Understanding counter cyclical investment in social housing
What are the considerations for building social housing in an economic downturn?
Last updated 26 July 2019
For governments, investing in affordable housing means aiming to maximise the quantity and quality of new dwellings achievable for the available government resources. One option that works over the long periods of economic cycles is counter cyclical investing, where governments invest more in affordable housing supply during economic slowdowns.
Reduced building costs
During times of reduced competition, the costs of building affordable housing are cheaper, for both the costs of building industry professionals and for land that might otherwise be bought by private developers.
When the Western Australian government’s Affordable housing strategy was developed and launched in 2009–10, the Housing Authority was able to take advantage of weak housing market conditions, ‘securing good deals with developers and builders which maximised public investment outcomes’.
An added benefit of counter cyclical investment in such economic circumstances is that Governments can help stimulate economic activity in the general community, such as through the purchase of building supplies and maintaining employment of building industry professionals. Indeed, AHURI research suggests that during the global financial crisis the WA Housing Authority was ‘arguably the major player in the Perth residential development industry’.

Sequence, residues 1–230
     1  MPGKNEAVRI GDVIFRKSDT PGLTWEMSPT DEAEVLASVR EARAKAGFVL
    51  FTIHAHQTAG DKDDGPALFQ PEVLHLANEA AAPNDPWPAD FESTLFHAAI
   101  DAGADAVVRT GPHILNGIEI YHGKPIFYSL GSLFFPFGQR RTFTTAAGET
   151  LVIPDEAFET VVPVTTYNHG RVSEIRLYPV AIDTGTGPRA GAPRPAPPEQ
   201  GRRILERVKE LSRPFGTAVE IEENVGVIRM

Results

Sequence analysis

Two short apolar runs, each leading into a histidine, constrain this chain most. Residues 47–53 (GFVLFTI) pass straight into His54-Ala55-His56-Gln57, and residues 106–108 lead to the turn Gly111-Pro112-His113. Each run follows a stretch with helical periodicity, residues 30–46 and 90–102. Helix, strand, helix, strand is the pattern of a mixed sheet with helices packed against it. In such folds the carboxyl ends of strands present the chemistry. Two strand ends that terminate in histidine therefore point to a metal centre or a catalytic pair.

Counter cyclical investment in affordable housing can also be of benefit to private investors. In a housing or retail market downturn, when other real estate assets become riskier and credit tightens up, having a government partner may become more attractive for corporate investors.
Public and private sector partnerships
Counter cyclical investment in affordable housing can also be of benefit to private investors. In a housing or retail market downturn, when other real estate assets become riskier and credit tightens up, having a government partner may become more attractive for corporate investors than they may have previously been. The National Housing Finance and Investment Corporation (NHFIC), which oversees the selling to institutional investors of government-backed bonds that are then loaned to Community Housing Providers (CHPs) to develop affordable housing developments, presents a low-risk, government guaranteed asset for institutional investors.